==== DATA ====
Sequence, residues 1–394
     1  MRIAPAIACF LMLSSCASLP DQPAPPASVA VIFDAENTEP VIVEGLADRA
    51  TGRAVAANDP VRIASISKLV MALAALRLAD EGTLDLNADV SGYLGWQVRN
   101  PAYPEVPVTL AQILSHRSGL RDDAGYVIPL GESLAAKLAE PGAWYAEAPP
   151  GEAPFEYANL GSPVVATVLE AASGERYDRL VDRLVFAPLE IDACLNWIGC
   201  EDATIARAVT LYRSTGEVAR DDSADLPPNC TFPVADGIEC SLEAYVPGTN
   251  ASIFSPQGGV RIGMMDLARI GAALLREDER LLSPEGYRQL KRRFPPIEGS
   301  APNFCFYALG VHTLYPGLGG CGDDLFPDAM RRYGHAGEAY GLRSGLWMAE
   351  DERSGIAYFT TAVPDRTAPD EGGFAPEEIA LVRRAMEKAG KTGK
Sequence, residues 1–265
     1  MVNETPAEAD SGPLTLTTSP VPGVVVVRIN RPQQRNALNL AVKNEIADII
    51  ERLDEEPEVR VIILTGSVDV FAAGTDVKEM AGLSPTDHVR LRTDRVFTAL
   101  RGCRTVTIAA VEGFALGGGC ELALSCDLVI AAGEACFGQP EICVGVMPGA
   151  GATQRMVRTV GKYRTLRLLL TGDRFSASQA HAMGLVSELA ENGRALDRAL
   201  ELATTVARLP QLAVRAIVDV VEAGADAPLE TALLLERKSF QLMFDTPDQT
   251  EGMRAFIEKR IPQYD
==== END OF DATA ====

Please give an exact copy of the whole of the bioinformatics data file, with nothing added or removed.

Sequence, residues 1–394
     1  MRIAPAIACF LMLSSCASLP DQPAPPASVA VIFDAENTEP VIVEGLADRA
    51  TGRAVAANDP VRIASISKLV MALAALRLAD EGTLDLNADV SGYLGWQVRN
   101  PAYPEVPVTL AQILSHRSGL RDDAGYVIPL GESLAAKLAE PGAWYAEAPP
   151  GEAPFEYANL GSPVVATVLE AASGERYDRL VDRLVFAPLE IDACLNWIGC
   201  EDATIARAVT LYRSTGEVAR DDSADLPPNC TFPVADGIEC SLEAYVPGTN
   251  ASIFSPQGGV RIGMMDLARI GAALLREDER LLSPEGYRQL KRRFPPIEGS
   301  APNFCFYALG VHTLYPGLGG CGDDLFPDAM RRYGHAGEAY GLRSGLWMAE
   351  DERSGIAYFT TAVPDRTAPD EGGFAPEEIA LVRRAMEKAG KTGK
Sequence, residues 1–265
     1  MVNETPAEAD SGPLTLTTSP VPGVVVVRIN RPQQRNALNL AVKNEIADII
    51  ERLDEEPEVR VIILTGSVDV FAAGTDVKEM AGLSPTDHVR LRTDRVFTAL
   101  RGCRTVTIAA VEGFALGGGC ELALSCDLVI AAGEACFGQP EICVGVMPGA
   151  GATQRMVRTV GKYRTLRLLL TGDRFSASQA HAMGLVSELA ENGRALDRAL
   201  ELATTVARLP QLAVRAIVDV VEAGADAPLE TALLLERKSF QLMFDTPDQT
   251  EGMRAFIEKR IPQYD